As most learners eventually discover, not all languages are created equal. The US government, along with other nations, has developed scales to rate language learning difficulty via the time it takes to reach proficiency, leading to lists like the following: Hardest: Arabic, Cantonese, Japanese, … Medium: Greek, Russian, Hebrew,… Easiest: Spanish, French, Dutch …
But is difficulty related to actual complexity or just a language’s dissimilarity to English? How can we identify what makes a language difficult to learn and then use this knowledge to our advantage when taking on the challenge of studying one of the harder ones? Read on to find out!
First, peruse some background on Contrastive Analysis
In the 1960s and 70s everyone in the field of Second Language Acquisition was talking about Contrastive Analysis, a new movement which entailed the side-by-side comparison of two languages to see where and how they differed. It was proposed that languages which were more different would be harder to learn for speakers of either tongue and languages which were more similar would be easier. Researchers also hoped that differences between languages could be used to predict learner errors which would then lead to more effective lesson design.
You might not have heard of Contrastive Analysis because results did not work out the way researchers had hoped and the movement was somewhat discredited along with its posits about language dissimilarity and learning difficulty. Nonetheless, there were some important takeaways, mainly that first language interference can and does occur when a learner studies a second language, and second, that Contrastive Analysis charts can sometimes be used to explain the resulting errors.
Next, consider how first language acquisition factors in
In order to learn a second language we first have to be able to recognize words encountered in the input, either visually or aurally. And this is easier said than done when faced with a sound or letter that simply doesn’t exist in your native tongue. This is because from the moment we are born, our brains are tuned to the language around us. When babies are as young as six months old they begin to focus in on the sounds of their first language and gradually lose the ability to decipher what they have not been exposed to.
The same goes for letters that have not been encountered; they are often interpreted as pictures until we learn they come from an alphabet and represent sounds. So, it follows that languages which contain hard to hear sounds and are written in vastly different alphabets and writing systems prove challenging to learn. Those languages written in cursive letters which change shape depending on where they fall in a word (e.g. Arabic, Dari, Pashto, Urdu) can be even more of a headache!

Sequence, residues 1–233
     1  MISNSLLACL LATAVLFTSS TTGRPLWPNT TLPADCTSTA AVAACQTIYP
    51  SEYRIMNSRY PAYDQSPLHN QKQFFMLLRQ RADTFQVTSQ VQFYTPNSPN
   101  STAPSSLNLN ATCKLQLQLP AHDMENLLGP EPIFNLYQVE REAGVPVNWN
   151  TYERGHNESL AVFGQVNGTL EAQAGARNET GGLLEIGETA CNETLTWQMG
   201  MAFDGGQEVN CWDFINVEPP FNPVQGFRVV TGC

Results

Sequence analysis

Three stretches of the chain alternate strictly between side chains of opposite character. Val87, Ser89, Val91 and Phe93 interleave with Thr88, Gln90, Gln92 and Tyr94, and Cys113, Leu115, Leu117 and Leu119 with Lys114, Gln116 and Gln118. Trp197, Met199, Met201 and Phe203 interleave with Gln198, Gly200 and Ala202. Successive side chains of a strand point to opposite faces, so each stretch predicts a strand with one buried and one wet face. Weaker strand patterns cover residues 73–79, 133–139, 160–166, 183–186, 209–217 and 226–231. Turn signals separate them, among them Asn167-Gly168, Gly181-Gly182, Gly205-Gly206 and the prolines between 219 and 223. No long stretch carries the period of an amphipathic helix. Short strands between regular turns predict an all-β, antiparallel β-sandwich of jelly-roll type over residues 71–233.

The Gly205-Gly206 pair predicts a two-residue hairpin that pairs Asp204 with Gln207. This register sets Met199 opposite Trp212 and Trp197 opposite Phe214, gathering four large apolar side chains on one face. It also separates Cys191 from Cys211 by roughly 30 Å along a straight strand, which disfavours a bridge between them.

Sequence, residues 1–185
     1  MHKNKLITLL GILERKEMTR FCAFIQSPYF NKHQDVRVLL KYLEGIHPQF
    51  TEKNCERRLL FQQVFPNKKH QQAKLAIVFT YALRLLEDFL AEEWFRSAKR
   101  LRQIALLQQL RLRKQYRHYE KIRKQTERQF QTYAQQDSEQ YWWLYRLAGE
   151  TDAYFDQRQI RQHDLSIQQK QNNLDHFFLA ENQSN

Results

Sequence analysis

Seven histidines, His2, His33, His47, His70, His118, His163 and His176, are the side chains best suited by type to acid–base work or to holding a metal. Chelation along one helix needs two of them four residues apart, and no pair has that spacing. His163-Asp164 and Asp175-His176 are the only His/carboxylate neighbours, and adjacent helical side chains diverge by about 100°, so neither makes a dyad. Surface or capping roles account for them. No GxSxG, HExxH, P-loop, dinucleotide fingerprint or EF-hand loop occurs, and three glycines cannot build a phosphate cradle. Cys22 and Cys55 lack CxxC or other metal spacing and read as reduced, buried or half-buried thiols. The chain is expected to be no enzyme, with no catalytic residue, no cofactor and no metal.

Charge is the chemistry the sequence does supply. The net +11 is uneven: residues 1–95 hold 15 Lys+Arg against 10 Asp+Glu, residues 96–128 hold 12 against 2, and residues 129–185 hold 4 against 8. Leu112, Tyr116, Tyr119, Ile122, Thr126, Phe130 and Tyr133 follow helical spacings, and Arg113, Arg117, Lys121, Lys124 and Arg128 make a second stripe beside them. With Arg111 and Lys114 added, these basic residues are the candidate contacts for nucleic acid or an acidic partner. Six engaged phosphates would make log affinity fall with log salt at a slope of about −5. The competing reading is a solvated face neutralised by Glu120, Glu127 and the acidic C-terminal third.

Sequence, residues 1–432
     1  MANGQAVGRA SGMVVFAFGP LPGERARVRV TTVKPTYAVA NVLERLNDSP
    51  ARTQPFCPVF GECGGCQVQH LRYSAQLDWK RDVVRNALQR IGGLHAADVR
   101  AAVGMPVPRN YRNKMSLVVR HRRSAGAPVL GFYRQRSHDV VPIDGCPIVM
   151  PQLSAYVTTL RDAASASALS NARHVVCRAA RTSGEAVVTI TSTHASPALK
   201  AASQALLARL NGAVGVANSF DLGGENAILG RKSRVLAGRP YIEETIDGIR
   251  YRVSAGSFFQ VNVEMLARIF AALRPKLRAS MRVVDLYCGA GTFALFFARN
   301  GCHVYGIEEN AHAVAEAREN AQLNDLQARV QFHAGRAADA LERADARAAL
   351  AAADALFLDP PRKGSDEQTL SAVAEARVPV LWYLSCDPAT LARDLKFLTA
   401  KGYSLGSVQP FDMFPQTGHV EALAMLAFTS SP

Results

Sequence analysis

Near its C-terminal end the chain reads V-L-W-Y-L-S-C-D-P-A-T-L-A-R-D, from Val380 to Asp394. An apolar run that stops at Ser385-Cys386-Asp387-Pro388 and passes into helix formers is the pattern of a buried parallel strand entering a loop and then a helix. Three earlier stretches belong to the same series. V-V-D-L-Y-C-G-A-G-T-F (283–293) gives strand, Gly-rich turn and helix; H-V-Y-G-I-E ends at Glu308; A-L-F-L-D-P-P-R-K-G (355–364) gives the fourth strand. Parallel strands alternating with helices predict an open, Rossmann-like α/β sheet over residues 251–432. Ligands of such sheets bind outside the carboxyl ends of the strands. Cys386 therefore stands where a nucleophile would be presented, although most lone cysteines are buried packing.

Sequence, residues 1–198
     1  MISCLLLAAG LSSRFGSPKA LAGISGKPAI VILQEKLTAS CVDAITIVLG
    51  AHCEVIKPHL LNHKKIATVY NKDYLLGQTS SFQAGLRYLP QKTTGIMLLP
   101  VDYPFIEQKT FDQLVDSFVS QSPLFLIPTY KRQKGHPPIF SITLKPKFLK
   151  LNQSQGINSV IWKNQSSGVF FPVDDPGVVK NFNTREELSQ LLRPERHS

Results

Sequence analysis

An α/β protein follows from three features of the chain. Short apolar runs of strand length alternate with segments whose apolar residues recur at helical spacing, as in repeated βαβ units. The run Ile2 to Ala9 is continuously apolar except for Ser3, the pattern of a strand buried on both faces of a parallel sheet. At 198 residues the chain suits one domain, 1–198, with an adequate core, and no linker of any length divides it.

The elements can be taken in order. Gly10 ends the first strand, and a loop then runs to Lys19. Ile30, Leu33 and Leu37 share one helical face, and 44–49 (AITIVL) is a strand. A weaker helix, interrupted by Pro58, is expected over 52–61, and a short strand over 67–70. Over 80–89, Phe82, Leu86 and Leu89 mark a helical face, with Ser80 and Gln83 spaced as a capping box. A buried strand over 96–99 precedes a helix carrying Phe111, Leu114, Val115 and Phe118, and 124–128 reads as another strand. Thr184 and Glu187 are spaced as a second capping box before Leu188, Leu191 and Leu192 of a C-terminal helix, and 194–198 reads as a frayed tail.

Now, what can you do to overcome the “difficult language” challenge?
Dive straight in and get as much sound and letter practice with your new language as possible. This can be accomplished through phonics exercises and extra time spent with the sounds and letters that prove troublesome for you. You may find you have no difficulty with the “sh” sound from the letter ش in Arabic but that the difference between a د “d” and ض “D” is simply impossible for you to hear.
Pay attention to the words you are learning successfully and those you struggle to recognize, hear, say and spell. The learning burden in words can be related to novel sounds and letters, so find your weak spots and then drill yourself until you’re well prepared for any phoneme or grapheme that comes your way.
One thing to keep in mind is that receptive skills usually come before productive ones, so even if you can’t say the “ع” in Arabic, you’ll still benefit from trying to identify it in spoken words and familiarizing yourself with vocabulary and phrases in which it appears.
Finding Resources & Realia for Less Commonly Taught Languages
The more people you have looking into a problem, the more likely you’ll have a solution. Therefore when you consider that languages that are difficult to learn also tend to be less commonly taught, you realize part of the problem is a dearth of quality materials, a scarcity of teachers and a lack of research on effective learning strategies.
But thanks to free digital learning platforms like Lingua.ly, help is on the way! As of July 1, 2014 Lingua.ly supports Russian, Arabic, Hebrew, English, Spanish and French via free dictionaries, flashcard makers and most importantly, article suggestions that present quality realia content for you to read and practice your language direct from native speaker authors on the worldwide web.
Try the latest addition to Lingua.ly’s supported languages- Russian!